As various performing arts organizations across the country venture toward reopening, many have been forever changed by the pandemic. Some of these changes have been positive for both organizations and audiences—shifting away from status quo and toward new levels of innovation and accessibility. One such shift has been the widespread adoption of digital programs. Indeed, a study, Culture Track: Culture and Community in a Time of Crisis, conducted during 2020 and commissioned by Wallace, has uncovered a high level of participation in digital programs during the pandemic.
To further explore the crucial role of digital in the performing arts, we recently connected with two grant recipients from Wallace’s Building Audiences for Sustainability initiative, which ended in 2019: Seattle Opera and Woolly Mammoth Theatre. Marketing Director Kristina Murti at Seattle Opera and Artistic Director Maria Manuela Goyanes and Managing Director Emika Abe at Woolly Mammoth shared insights from their respective organizations’ creation of digital programs, highlighting some of the advantages and challenges that they’ve experienced. The interviews have been edited for length and clarity.
Looking back at the past year, what one piece of digital content do you think was your most successful, interesting, significant or surprising? And why?
Goyanes: In many ways, Woolly Mammoth was built to meet a moment like this, as risk-taking and innovation are at the core of what we do. From the outset of the pandemic, we wanted to create opportunities to continue to spark conversation through theatre and to quickly provide jobs for artists and technicians who were left unemployed. We decided to commission two works specifically for alternative mediums. It feels important to talk about both since they were both significant for us, and also so different from each other, which really showcases how wide-ranging this type of content can be.
The first was commissioning the Telephonic Literary Union to create Human Resources, which repurposed a customer service hotline into an intimate audio anthology for remote times. The project contained audio experiences written by authors of color, employed actors from all over the country, and spurred audiences to listen, reflect and try to find the “Super Secret Happiness Code” embedded within the hotline. As evidence of its success, six months later, Human Resources had a future life—The Repertory Theatre of St. Louis presented the piece for their local community last month.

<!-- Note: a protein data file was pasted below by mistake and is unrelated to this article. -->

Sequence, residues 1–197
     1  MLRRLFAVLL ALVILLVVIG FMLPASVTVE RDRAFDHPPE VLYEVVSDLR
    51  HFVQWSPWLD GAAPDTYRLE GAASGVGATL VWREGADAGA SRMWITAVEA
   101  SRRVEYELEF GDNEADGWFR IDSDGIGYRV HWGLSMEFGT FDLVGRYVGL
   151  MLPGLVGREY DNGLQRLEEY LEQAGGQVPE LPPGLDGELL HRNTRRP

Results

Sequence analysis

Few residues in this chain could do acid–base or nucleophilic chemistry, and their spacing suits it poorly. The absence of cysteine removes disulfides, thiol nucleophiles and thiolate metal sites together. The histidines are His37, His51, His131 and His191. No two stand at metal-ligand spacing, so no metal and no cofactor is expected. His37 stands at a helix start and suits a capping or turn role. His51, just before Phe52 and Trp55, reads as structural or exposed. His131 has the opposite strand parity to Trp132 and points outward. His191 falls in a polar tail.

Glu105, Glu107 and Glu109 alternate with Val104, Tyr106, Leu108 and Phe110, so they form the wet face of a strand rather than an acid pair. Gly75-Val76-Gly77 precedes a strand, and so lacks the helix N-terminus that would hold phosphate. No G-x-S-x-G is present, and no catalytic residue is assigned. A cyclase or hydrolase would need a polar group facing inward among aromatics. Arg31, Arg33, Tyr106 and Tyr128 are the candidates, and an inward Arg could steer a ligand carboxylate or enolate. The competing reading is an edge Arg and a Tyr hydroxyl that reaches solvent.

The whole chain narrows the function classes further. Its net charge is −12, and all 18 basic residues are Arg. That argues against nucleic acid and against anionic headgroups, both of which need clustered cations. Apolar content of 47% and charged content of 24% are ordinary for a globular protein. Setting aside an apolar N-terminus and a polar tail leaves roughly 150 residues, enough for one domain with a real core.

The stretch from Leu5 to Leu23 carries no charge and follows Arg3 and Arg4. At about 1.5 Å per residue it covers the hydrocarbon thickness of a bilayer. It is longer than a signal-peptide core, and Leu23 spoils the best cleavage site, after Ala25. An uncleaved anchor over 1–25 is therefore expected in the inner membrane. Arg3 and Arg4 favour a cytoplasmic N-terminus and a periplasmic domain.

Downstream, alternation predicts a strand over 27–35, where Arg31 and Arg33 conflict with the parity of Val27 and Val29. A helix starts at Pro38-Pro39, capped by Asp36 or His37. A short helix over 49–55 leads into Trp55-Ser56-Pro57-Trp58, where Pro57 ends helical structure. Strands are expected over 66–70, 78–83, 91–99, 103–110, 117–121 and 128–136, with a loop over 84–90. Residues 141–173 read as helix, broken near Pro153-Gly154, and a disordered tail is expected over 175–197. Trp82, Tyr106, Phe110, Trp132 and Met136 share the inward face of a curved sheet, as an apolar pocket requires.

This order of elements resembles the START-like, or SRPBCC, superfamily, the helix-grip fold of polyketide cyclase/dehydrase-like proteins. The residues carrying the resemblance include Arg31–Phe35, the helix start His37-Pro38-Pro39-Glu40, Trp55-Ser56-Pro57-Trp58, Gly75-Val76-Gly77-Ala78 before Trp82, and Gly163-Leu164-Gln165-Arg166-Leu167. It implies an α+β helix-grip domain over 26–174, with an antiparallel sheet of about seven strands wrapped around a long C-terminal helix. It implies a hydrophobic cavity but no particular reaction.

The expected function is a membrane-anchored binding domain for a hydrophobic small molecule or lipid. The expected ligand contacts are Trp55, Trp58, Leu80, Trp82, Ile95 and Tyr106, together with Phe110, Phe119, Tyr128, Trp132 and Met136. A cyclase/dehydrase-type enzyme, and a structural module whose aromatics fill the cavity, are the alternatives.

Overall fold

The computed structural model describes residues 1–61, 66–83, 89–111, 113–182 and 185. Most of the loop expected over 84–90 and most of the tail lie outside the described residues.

The second project, This is Who I Am, was a co-commission with New York City’s Play Company for Playwright and Director Amir Nizar Zuabi to write a play specifically for our current digital platform, Woolly on Demand. Zuabi embraced that challenge completely and wrote the story of two characters, a Father and his Son, meeting on video chat with the hope of overcoming their estrangement. This fully realized production was rehearsed and performed entirely remotely, with its two actors, Ramsey Faragallah and Yousof Sultani, performing nightly from their own kitchens. We shared the play through a five-way co-production with American Repertory Theater in MA, The Guthrie Theater in MN and the Oregon Shakespeare Festival.
Murti: In my opinion, our Don Giovanni, recorded in January, was our most significant opera recording this season. It was the second full opera we recorded, and the first work we did not record in our main performance hall. There’s a lot of assumptions in opera about “how things need to be” and the idea of recording a “performance” outside of our main performance hall was not something we were seriously considering earlier in the pandemic—until we needed to, and then we decided to build a sound/film studio in our administration/operations center. We also recorded the audio separately from the staging and synced everything together in a pretty seamless way. The idea that we could record the performance “off-site” brought confidence to our next project, Flight, which was recorded really off-site: at Seattle’s Museum of Flight. That project is most certainly the pinnacle of what we’ve done so far but having Don Giovanni under our belt and producing opera in an entirely new way was crucial to being able to put together an amazing product like Flight.
What has been the biggest challenge that your organization has faced while reconfiguring its programming for the digital space?
Abe: It’s hard to pinpoint what the biggest challenge has been, as there have been so many!
One challenge has been that in undertaking new digital projects, we really went back to being beginners, even though Woolly has been around for 41 years. At first, we didn’t know what types of professionals we needed to engage to create work online. As we were seeking an outlet to share our work virtually, new hosting and streaming platforms for the theatre community were rushing into existence to tap into a new market. We had to evaluate our options without any particular expertise on our staff about video formatting or ways to stream from your computer to your television. At least we can say with confidence that we know a lot more now than we did a year ago.
Fortunately, because so many other theatres were making similar pivots into the digital sphere, we were able to turn to our colleagues for guidance—and then later on, to share our own insights with others. It has been heartening to see the many ways in which the theatre industry has come together to collaborate and support each other through this pandemic.
Murti: We have not been able to use our main performance venue, McCaw Hall, consistently as a recording site so we have had to reimagine several of our Opera Center spaces as movie sets. Due to social distancing requirements and space considerations, we also had to record the music separately from the staging. These two issues were challenging but allowed us to think way outside of the box. As mentioned, Flight, which premiered this month, takes place in an airport terminal and was filmed on location at The Museum of Flight, an impressive museum filled with aircraft and large spaces that feels very much like an airport. No opera stage set will ever match the scale and brilliance of being at that location for this opera.